Jewish History in Poland World War II and Beyond

At the start of World War II, Poland was partitioned between Nazi Germany and the Soviet Union (the Molotov–Ribbentrop Pact). The war resulted in the death of one-fifth of the Polish population, with 90% or about 3 million of Polish Jewry killed along with approximately 3 million Polish non-Jews. Examples of Polish gentile attitudes to German atrocities varied widely, from actively risking death in order to save Jewish lives, and passive refusal to inform on them; to indifference, blackmail, and in extreme cases, participation in pogroms such as the Jedwabne pogrom. Grouped by nationality, Poles represent the largest number of people who rescued Jews during the Holocaust.

In the postwar period, many of the approximately 200,000 Jewish survivors registered at Central Committee of Polish Jews or CKŻP (of whom 136,000 arrived from the Soviet Union) left the Communist People’s Republic of Poland for the nascent State of Israel and North or South America. Their departure was hastened by the destruction of Jewish institutions, post-war violence and the hostility of the Communist Party to both religion and private enterprise, but also because in 1946–1947 Poland was the only Eastern Bloc country to allow free Jewish aliyah to Israel without visas or exit permits. Britain demanded Poland to halt the exodus, but their pressure was largely unsuccessful. Most of the remaining Jews left Poland in late 1968 as the result of the Soviet-sponsored “anti-Zionist” campaign. After the fall of the Communist regime in 1989, the situation of Polish Jews became normalized and those who were Polish citizens before World War II were allowed to renew Polish citizenship. Religious institutions were revived, largely through the activities of Jewish foundations from the United States. The contemporary Polish Jewish community is estimated to have approximately 20,000 members, though the actual number of Jews, including those who are not actively connected to Judaism or Jewish culture, may be several times larger.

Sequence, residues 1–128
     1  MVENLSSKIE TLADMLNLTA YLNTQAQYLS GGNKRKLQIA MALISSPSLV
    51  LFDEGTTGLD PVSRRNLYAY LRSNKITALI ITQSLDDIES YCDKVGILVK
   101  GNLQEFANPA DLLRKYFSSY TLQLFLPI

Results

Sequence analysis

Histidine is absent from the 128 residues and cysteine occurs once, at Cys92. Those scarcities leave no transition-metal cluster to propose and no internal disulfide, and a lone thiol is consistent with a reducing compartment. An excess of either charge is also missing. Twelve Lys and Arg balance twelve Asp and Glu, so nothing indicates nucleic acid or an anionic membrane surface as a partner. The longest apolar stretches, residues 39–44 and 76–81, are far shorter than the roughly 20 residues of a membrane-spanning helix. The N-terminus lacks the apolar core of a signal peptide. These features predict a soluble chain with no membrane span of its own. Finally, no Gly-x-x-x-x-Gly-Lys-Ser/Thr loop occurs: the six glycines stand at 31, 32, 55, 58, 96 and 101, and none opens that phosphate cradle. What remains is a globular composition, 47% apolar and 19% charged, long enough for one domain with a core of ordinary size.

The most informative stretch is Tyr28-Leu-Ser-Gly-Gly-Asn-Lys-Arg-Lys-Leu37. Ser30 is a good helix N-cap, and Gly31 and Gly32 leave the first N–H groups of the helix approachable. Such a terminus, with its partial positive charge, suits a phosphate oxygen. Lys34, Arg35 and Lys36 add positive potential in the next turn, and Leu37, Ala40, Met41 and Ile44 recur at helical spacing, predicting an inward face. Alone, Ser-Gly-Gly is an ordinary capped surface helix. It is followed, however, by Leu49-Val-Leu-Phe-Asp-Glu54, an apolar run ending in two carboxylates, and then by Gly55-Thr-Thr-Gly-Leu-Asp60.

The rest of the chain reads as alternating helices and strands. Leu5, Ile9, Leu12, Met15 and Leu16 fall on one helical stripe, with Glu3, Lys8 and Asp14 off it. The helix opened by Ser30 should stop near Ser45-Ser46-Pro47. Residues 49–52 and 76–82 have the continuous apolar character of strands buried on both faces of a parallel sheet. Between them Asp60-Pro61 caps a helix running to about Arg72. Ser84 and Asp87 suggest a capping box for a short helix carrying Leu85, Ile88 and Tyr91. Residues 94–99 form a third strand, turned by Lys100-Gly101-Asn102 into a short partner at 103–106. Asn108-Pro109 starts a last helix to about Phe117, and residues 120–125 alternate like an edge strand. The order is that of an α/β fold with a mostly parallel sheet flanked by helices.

Oskar Schindler

“I just couldn’t stand by and see people destroyed. I did what I could, what I had to do, what my conscience told me I must do…”

~ Oskar Schindler, Righteous Among the Nations.

Oskar Schindler was a German industrialist and a member of the Nazi Party who saved the lives of 1,200 Jews during the Holocaust by employing them in his enamelware and munitions factories near Krakow. These Jews were registered on what came to be known as “Schindler’s List”.

Thousands of descendants of “Schindler’s Jews” are alive today thanks to his brave actions.

Oskar Schindler died on the 9th of October 1974 in Germany, and is buried in Jerusalem. Before his death, a tree was planted in his and Emilie’s honor in Yad Vashem’s Avenue of the Righteous. He is pictured standing next to his tree on Yad Vashem’s campus.

Oskar and Emilie Schindler are among the 27,000+ heroic non-Jews recognized by Yad Vashem as Righteous Among the Nations for risking their lives to rescue Jews during the Holocaust.

Sources: Yad Vashem

Holocaust Best Friend Reunion

The Washington Post has a heartwarming story about two women who were best friends as children in 1938 Germany, when Kristallnacht took place and the Holocaust descended. They fled Germany separately, and, after searching for each other for decades, finally found each other. One lives in New Jersey, the other in Chile.